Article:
In the 1960s, America was a dirtier, uglier place than it is today. Illegal dumping was widespread. Sewage often mingled with river water that upstream communities swam in or drank from. And smokestacks stood directly alongside residential developments.
Two catalysts would bring about lasting change and inspire the Environmental Protection Agency. One was Rachel Carson’s Silent Spring. Published in 1962, Silent Spring alerted the public to the dangers of the pesticide DDT and unveiled the petrochemical industry’s dangerous misinformation campaign.
The second was the Cuyahoga River fire in 1969. Time described the state of the Cuyahoga at the time of the fire:
“Some river! Chocolate-brown, oily, bubbling with subsurface gases, it oozes rather than flows.”
When this flammable stew caught fire, it caused $50,000 in damage.
These mounting environmental dangers led to louder calls for government intervention. Finally, Richard Nixon founded the EPA in 1970. Landmark legislation like the Clean Water Act soon followed.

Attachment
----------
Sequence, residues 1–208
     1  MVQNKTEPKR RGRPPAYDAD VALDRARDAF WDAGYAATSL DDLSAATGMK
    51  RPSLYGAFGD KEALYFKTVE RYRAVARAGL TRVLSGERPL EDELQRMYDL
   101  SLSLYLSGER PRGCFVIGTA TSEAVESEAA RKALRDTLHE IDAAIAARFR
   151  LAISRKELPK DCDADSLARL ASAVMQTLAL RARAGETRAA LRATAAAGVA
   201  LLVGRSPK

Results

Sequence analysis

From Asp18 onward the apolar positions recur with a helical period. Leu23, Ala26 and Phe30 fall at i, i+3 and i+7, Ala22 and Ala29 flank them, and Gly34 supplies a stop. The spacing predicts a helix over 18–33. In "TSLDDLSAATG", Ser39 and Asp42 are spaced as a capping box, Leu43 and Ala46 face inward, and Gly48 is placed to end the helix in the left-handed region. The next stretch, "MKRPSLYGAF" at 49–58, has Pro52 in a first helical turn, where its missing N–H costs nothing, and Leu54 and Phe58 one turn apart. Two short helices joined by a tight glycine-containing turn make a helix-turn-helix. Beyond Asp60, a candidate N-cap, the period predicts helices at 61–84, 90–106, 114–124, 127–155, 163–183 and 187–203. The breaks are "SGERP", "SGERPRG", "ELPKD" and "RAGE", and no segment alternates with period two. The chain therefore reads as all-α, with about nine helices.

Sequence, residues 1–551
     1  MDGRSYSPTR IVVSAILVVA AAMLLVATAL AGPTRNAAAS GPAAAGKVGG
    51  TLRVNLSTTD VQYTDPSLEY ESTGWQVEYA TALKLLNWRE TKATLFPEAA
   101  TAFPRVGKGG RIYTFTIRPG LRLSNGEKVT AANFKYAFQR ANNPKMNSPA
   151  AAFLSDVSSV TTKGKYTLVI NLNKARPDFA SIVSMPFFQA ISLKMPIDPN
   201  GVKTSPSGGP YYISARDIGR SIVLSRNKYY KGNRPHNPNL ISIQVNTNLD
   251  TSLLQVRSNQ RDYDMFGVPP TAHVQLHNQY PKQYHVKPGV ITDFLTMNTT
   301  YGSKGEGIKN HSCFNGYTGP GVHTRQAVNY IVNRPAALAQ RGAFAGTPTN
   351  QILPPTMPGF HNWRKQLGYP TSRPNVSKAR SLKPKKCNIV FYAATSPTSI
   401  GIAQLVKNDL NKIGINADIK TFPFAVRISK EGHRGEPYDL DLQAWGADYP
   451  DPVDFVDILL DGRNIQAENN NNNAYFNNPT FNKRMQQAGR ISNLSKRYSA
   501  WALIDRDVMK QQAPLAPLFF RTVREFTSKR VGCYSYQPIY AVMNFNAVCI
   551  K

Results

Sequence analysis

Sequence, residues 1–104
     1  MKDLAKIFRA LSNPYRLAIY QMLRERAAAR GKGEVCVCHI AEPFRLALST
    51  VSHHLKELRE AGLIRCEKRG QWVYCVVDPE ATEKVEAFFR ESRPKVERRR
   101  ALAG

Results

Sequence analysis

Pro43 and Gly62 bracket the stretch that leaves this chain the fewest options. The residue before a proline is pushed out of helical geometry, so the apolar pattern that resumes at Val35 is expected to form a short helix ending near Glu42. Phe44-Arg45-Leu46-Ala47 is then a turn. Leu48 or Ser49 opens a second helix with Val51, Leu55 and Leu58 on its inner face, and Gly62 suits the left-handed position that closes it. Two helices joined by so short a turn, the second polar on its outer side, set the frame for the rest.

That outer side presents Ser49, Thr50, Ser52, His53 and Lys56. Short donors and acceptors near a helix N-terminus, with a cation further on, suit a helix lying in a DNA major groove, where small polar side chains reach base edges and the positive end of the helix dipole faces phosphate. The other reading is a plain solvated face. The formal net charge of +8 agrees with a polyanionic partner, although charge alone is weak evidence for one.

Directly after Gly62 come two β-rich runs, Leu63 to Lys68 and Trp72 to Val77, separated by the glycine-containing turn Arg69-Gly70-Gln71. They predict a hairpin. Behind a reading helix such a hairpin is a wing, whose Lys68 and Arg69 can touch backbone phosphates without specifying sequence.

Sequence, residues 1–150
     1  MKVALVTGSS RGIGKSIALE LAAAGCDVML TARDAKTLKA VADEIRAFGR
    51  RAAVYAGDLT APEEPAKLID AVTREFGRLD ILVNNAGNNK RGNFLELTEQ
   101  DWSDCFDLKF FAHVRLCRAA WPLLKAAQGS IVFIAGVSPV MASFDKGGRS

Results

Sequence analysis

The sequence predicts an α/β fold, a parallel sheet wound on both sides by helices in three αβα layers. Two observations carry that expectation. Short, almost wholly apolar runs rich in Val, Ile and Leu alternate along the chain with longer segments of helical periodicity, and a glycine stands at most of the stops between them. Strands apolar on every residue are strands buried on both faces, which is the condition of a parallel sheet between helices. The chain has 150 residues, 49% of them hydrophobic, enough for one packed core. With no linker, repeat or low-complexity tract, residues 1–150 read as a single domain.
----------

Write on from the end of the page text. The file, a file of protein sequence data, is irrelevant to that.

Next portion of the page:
Of course, the EPA didn’t solve every environmental problem in the country. But things could be worse. A lot worse. It’s only because of modern environmental legislation and regulations that we were able to stop tearing the hole in the ozone layer, remove lead from gasoline, and restrict the use of dangerous pesticides.
Today, the hard-won gains achieved by the EPA are under threat. President Donald Trump’s proposed budget dramatically slashes EPA funding, and he’s already installed a known climate denier as the agency’s head.
As one of the world’s largest producers of greenhouse gas, the United States has an obligation to lead on environmental and climate issues. And if we are to avoid returning to the bad old days before the EPA, we need to remind people of what the country used to look like.
Check out more photos of the EPA’s archival image collection here.
Featured image via National Archives and Records Administration.